US hotels report plunging occupancy rate on coronavirus fears
Revenue per available room also sank — by about 12% — from this time last year, according to hotel research firm STR
It’s official: the coronavirus outbreak has hit the fundamentals of U.S. hotels.
The occupancy rate nationwide plunged 7.3 percent from this time last year to 61.8 percent, according to data released Wednesday by hotel research firm STR. Figures reflect changes from March 3-9, 2019, compared to March 1-7, 2020.
Revenue per available room also sank, 11.6 percent, to $77.82 as 23 of the top 25 markets STR tracks reported a decline. The hospitality industry uses so-called RevPar to gauge hotel performance.
Average daily room rate also dropped from last year, by 4.6 percent to $126.01, according to STR.
The dismal figures reflect the booking and event cancellations because of the novel coronavirus, which globally has sickened more than 118,000 and killed almost 4,300, according to the World Health Organization. Cases in the U.S. have now surpassed 1,000.
The numbers also show the speed at which the industry has been upended: STR’s data release last week — which reflected performance metrics for the end of February — did not show any clear impacts of the virus on national averages.
“The question over the last several weeks was ‘when,’ not ‘if’ this impact would hit,” said Jan Freitag, STR’s
senior VP of lodging insights. “Well, ‘when’ has arrived.”
The Dow Jones Industrial Average fell about 1,300 points and the S&P 500 was down about 4.7 percent around 2:45 p.m. Wednesday, after the WHO declared the coronavirus a pandemic.
Fears over the virus have led stocks to nosedive in recent weeks. Real estate investment trusts also have been part of the sell-off. the FTSE Nareit All REITs index was down about 5.9 percent Wednesday afternoon.
Coast to coast decline
The steepest year-over-year RevPAR drop— 45.5 percent — was seen in San Francisco/San Mateo, Calif. That market also had the largest room rate drop: 30.4 percent. The metro area with the biggest occupancy plunge was also in California, in the Anaheim/Santa Ana market, which recorded a 27.3 percent dip.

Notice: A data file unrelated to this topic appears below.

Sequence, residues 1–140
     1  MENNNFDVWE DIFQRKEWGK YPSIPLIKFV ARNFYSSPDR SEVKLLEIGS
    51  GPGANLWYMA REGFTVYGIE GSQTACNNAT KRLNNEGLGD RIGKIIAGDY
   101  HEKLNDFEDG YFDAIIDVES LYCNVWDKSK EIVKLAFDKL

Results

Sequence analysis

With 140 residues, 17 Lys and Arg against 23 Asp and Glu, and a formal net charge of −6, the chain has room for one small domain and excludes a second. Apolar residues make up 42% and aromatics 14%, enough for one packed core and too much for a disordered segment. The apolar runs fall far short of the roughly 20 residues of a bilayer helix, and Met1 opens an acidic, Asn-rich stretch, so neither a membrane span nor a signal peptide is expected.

In New York City, occupancy fell last week by 13.1 percent, and room rates came in at $188.59, reflecting a decline of 8.3 percent. In Chicago, occupancy fell 13.5 percent and in the Miami/Hialeah, Florida, market, the drop was 9 percent.
Eli Weiss of Joy Construction said usually, occupancy at his Midtown Manhattan Four Points by Sheraton property is in the 90 percent range. Last night, he saw the hotel’s occupancy was around 78 percent.
“It’s a pretty meaningful drop from a percentage point of view,” said Weiss, whose firm developed the hotel with Maddd Equities.
He noted that January and February were strong-performing months, but he has since seen group cancellations, likely because of the coronavirus.
“I do think we’re in line for a choppy few months,” he said.
Some public hotel chains have withdrawn their full-year guidances amid the uncertainty of the virus. Hilton Worldwide Holdings is the most recent firm to do so.
“With the coronavirus now spreading beyond China and the Asia Pacific region, and the related increase in travel restrictions and cancellations around the world, we believe that the potential negative impact will be greater than our previous estimate,” said Chris Nassetta, CEO of Hilton, in a statement Wednesday.
Coronavirus, which causes the viral respiratory illness known as COVID-19, originated in China in December. At first, hotels and industry watchers anticipated an impact to their properties in Asia. But as it continues to spread around the world, it has stymied travel and led to events of all sizes getting cancelled or postponed. Cities have advised avoiding mass transit, and companies have restricted business travel and have asked employees to work from home.
Write to Mary Diduch at firstname.lastname@example.org